We are determined to offer experiences that allow them to make a difference – for example, planting mangroves in the morning, enjoying authentic Saudi cuisine in a local village at lunchtime, and ending the day looking at a night sky that has been actively protected from light pollution for the health of our wildlife.
We are also looking at how we can bring science to life for our guests by creating interactive experiences that showcase our conservation efforts. Our state-of-the-art marine life institute is a key example of this. It will act as both a hub for scientific research and a tourist attraction. In addition to accelerating conservation-driven research, it will offer visitors truly immersive experiences that combine educational exhibitions with adventure-filled excursions. Guests will be able to walk underwater, snorkel with rare species, participate in lab tours, and more.
hotel 12 on Ummahat Alshaykh Islands by Foster + Partners (see designboom’s coverage here)
DB: Could you provide more information on how Red Sea plans to use algae, seagrass, and mangroves to reduce carbon in the ocean and atmosphere? Also, can you elaborate on the concept behind the floating nurseries designed to restore coral reefs?
SH: We are determined to put people and planet first, and will leverage the most innovative concepts and technologies to deliver projects that help us achieve this. Sometimes, nature already offers the best solution. To help reduce our carbon footprint, we’re developing a number of nature-based initiatives such as enhancing biologically diverse habitats including algae, seagrass and mangroves.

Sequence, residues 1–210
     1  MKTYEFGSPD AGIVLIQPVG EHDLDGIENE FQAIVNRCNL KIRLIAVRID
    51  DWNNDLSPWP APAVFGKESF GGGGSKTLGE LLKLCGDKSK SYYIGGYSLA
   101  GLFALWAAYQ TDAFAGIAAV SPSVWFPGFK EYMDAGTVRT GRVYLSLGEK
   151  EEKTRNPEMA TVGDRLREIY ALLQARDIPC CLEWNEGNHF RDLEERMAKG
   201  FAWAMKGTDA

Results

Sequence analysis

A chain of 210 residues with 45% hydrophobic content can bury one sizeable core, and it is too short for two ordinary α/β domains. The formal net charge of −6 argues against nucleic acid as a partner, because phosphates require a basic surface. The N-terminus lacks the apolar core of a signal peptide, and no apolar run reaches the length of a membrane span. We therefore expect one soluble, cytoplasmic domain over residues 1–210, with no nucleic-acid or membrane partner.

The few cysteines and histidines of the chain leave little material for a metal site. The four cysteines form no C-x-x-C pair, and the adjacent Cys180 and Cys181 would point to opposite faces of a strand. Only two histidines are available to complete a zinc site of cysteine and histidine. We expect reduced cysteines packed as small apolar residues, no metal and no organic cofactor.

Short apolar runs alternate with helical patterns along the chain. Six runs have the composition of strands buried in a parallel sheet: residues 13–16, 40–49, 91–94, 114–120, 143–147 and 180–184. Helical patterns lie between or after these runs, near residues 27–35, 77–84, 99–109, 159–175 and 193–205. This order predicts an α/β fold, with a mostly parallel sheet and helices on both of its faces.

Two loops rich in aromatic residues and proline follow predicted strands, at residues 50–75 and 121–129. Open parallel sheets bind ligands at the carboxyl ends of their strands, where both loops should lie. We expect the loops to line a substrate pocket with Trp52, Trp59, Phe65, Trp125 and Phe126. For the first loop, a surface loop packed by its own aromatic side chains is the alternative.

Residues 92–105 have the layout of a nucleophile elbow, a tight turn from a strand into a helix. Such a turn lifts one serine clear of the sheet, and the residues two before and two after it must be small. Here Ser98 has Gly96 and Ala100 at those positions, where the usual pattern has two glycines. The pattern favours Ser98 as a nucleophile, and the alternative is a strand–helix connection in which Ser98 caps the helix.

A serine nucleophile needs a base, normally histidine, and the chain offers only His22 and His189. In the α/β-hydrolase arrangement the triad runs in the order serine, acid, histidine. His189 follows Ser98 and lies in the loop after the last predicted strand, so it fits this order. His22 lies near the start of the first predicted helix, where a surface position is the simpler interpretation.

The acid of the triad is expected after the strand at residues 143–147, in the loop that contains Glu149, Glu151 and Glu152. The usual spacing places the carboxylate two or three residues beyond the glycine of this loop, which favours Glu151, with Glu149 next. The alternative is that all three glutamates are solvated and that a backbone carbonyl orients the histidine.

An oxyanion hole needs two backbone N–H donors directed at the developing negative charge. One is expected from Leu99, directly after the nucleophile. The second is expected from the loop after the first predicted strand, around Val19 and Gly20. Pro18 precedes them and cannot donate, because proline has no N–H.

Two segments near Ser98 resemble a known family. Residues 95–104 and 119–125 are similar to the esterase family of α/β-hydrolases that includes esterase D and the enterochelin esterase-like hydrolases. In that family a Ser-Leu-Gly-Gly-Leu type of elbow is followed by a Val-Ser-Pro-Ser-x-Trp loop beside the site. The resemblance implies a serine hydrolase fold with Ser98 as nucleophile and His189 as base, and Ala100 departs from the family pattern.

Mangrove trees are among the most efficient tools we have for carbon sequestration, with the capacity to absorb up to 5-10 times more carbon than other plants. As part of our efforts to deliver carbon-negative destinations, we opened our first mangrove nursery last month to cultivate seedlings – a significant step in our commitment to plant 50 million trees by 2030.
Investing in regenerating coral reefs can also have substantial environmental benefits. With this in mind, we’re developing floating coral nurseries that help regenerate and propagate corals. The platforms, made from composite wood, aluminium and high-density polyethylene, hold coral and encourage growth.
As part of our broader strategy to boost coral populations in the Red Sea, corals being held in nurseries are broken down into smaller fragments, which can each regenerate into a new colony. After a six- to eight-month stay in the nurseries, the fragments will have sufficiently grown to be returned to sections of the reef with lower coverage.
overwater villas on Sheybarah Island by Killa Design (see designboom’s coverage here)
DB: In a recently released video, you shared details of the six-year progress on Shura Island, Sheybarah Island, and Desert Rock. Could you provide an update on the specific advancements of the Red Sea International Airport and its anticipated operational timeline?